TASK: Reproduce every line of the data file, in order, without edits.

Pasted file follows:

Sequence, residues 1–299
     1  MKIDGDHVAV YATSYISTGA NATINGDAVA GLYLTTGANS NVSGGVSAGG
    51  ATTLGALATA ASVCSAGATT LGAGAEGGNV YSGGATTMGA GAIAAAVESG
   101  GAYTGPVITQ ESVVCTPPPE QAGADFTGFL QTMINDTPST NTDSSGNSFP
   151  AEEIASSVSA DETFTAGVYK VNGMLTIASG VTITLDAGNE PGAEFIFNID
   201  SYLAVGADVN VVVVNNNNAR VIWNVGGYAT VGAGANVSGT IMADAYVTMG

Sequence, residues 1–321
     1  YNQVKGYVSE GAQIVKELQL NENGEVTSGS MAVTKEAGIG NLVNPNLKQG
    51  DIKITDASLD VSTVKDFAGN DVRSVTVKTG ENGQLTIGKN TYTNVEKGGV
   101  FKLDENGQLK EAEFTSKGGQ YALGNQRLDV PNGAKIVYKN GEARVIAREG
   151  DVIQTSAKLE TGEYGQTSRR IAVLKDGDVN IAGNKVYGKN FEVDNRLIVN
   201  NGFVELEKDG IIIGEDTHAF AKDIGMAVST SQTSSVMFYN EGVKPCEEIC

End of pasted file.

Sequence, residues 1–299
     1  MKIDGDHVAV YATSYISTGA NATINGDAVA GLYLTTGANS NVSGGVSAGG
    51  ATTLGALATA ASVCSAGATT LGAGAEGGNV YSGGATTMGA GAIAAAVESG
   101  GAYTGPVITQ ESVVCTPPPE QAGADFTGFL QTMINDTPST NTDSSGNSFP
   151  AEEIASSVSA DETFTAGVYK VNGMLTIASG VTITLDAGNE PGAEFIFNID
   201  SYLAVGADVN VVVVNNNNAR VIWNVGGYAT VGAGANVSGT IMADAYVTMG

Sequence, residues 1–321
     1  YNQVKGYVSE GAQIVKELQL NENGEVTSGS MAVTKEAGIG NLVNPNLKQG
    51  DIKITDASLD VSTVKDFAGN DVRSVTVKTG ENGQLTIGKN TYTNVEKGGV
   101  FKLDENGQLK EAEFTSKGGQ YALGNQRLDV PNGAKIVYKN GEARVIAREG
   151  DVIQTSAKLE TGEYGQTSRR IAVLKDGDVN IAGNKVYGKN FEVDNRLIVN
   201  NGFVELEKDG IIIGEDTHAF AKDIGMAVST SQTSSVMFYN EGVKPCEEIC